Body Sculpt

Step Four: Refinement, Clothing Design and Posing

Following the story that I established, I next added the crystals to his body, designed the clothing and started to play around with posing. After a few different attempts, I decided to give him a big sword and go for a strong and confident pose, showing the character standing his ground, looking at us, ready to attack, or defend himself.

Finished Sculpt

Step Five: Sword Concept

For the design of the sword I took a different approach. Instead of starting it directly in 3D like the body, I did a few sketches first, and when I was happy with one of them I moved forward in 3D to see if my 2D design would work.

Sword Concept

Step Six: Sword Modelling and Texturing

Modelling the sword in Maya was fairly straightforward. I imported my concept as an Image Plane and using box modelling I modelled the sword. After that, I did the UV’s and imported the sword in ZBrush to add some damage to it. The texturing was done in Substance Painter using Fill Layers and Smart Masks.

Sword Breakdown

Step Seven: Texturing the Body and Clothing

The body and the clothing were also textured in Substance Painter. Instead of the traditional method of painting the colours to get the skin effect, I used fill layers with the desired colours and then painted masks to reveal the colours on the body and the face. This allowed me to modify the colours after the fact, to fine-tune the final Diffuse map.

These fill layers didn’t have any roughness, height or normal channels. The roughness channel was created after the fact using another fill layer and mixing some fractal noises and procedural textures.

Clothing and Texturing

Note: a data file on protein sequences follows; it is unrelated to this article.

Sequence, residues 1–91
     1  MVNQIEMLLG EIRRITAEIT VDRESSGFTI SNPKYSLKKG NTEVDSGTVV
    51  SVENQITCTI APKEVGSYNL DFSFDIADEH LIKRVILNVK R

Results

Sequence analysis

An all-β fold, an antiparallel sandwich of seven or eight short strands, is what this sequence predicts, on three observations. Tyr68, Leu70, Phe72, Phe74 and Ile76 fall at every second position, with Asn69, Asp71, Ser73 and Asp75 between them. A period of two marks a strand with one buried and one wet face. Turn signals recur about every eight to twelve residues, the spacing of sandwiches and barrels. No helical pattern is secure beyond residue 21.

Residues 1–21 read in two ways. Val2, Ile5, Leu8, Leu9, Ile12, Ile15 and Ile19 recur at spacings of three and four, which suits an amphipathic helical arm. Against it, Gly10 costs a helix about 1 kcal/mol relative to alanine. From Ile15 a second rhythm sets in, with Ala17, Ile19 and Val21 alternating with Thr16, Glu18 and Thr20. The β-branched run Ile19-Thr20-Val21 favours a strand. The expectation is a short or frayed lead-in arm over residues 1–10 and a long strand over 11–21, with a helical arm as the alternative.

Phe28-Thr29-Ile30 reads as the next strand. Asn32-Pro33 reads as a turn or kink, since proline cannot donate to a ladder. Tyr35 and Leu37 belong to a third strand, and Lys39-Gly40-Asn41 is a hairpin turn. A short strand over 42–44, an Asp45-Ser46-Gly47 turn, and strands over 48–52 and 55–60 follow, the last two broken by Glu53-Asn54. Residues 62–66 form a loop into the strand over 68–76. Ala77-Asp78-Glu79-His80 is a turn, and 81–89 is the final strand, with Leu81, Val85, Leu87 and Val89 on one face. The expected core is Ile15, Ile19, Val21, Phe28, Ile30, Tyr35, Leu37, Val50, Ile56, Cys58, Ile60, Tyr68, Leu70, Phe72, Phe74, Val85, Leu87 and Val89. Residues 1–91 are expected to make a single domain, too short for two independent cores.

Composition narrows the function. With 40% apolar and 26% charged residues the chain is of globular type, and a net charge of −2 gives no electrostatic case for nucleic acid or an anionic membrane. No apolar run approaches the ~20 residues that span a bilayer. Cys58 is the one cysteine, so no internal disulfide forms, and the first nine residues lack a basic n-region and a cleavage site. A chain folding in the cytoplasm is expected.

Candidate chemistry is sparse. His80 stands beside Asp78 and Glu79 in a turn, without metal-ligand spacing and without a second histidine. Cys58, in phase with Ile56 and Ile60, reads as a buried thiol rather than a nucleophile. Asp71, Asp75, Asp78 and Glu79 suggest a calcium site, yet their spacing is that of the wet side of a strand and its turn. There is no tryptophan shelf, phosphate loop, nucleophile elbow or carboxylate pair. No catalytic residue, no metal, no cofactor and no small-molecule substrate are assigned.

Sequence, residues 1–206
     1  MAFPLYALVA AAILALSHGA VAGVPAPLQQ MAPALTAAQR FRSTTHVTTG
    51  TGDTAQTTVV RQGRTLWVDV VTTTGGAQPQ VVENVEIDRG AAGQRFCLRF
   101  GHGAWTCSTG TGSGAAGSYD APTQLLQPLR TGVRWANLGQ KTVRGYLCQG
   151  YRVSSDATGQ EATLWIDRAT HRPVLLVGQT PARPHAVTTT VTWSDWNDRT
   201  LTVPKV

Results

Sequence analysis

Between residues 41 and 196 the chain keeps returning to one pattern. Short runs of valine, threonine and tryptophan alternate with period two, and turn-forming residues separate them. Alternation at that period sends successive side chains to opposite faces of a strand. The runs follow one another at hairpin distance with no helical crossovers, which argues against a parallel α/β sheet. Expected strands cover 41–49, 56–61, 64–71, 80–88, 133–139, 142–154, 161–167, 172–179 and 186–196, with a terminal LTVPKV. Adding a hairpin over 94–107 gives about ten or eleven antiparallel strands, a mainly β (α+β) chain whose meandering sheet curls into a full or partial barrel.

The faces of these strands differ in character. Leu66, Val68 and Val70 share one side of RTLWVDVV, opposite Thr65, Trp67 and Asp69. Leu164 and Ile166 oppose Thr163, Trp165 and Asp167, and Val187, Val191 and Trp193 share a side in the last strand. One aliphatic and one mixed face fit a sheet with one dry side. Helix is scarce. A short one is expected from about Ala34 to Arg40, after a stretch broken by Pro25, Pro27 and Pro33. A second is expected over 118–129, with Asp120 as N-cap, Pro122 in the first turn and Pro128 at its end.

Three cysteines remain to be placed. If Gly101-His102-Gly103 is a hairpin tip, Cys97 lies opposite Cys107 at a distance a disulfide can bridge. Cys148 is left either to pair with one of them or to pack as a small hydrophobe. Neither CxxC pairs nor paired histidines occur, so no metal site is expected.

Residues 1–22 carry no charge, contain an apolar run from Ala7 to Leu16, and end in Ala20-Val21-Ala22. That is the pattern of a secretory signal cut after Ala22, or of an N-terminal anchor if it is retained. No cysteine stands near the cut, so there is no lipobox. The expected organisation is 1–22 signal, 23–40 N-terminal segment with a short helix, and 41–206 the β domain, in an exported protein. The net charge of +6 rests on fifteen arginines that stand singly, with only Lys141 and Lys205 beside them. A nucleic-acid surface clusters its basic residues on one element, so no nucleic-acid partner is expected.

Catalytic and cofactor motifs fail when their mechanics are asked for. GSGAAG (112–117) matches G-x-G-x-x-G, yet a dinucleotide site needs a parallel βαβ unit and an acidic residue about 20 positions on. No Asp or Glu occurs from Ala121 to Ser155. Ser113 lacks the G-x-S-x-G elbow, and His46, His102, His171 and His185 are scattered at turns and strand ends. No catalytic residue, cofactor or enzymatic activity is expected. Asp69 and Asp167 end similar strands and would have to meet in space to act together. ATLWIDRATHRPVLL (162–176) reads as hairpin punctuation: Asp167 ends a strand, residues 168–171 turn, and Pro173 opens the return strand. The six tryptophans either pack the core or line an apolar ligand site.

Step Eight: Lighting

The Lighting was done using Redshift for Maya. Redshift is a GPU Render engine and because of that is insanely fast.

I tried to keep the lighting as simple as possible, but also to have creative control over the final render. I used a total of

6 lights. One Area Light serving as Key Light placed above the head, 3 Area Lights behind the character, with different colours and intensities serving as Rim Lights (to draw out the silhouette), one Dome Light with HDRI map to give some fill light in the shadows, and one Specular Only Light, light linked to the eyes for nice highlights.

Scene and Lighting Breakdown

Step Nine: Hair Using XGen

The hair was created using XGen. Following the hair sculpt, I drew a few curves on top of the geometry and then converted them to Hair Guides for XGen. Then I tweaked the parameters to get the look that I want, like the length, thickness, density of the hair, etc. After that, I added a few modifiers like clump, curl, noise and cut, to give a more natural feel to the hair.

I then repeated the same step for the eyebrows, eyelashes and pitch fuzz for the body and the face.

Ragnar's Hair

In Conclusion

I learned a lot doing these character designs, It forced me to think a lot more about who they are and how to convey the story that I wanted to tell, instead of focusing on just creating cool characters.

I recommend this kind of study to everyone that is looking to improve their design and storytelling skills, and I hope you find this tutorial useful.

Character Close Up
Character Close Up

You can check out lots more of Darko's amazing characters at: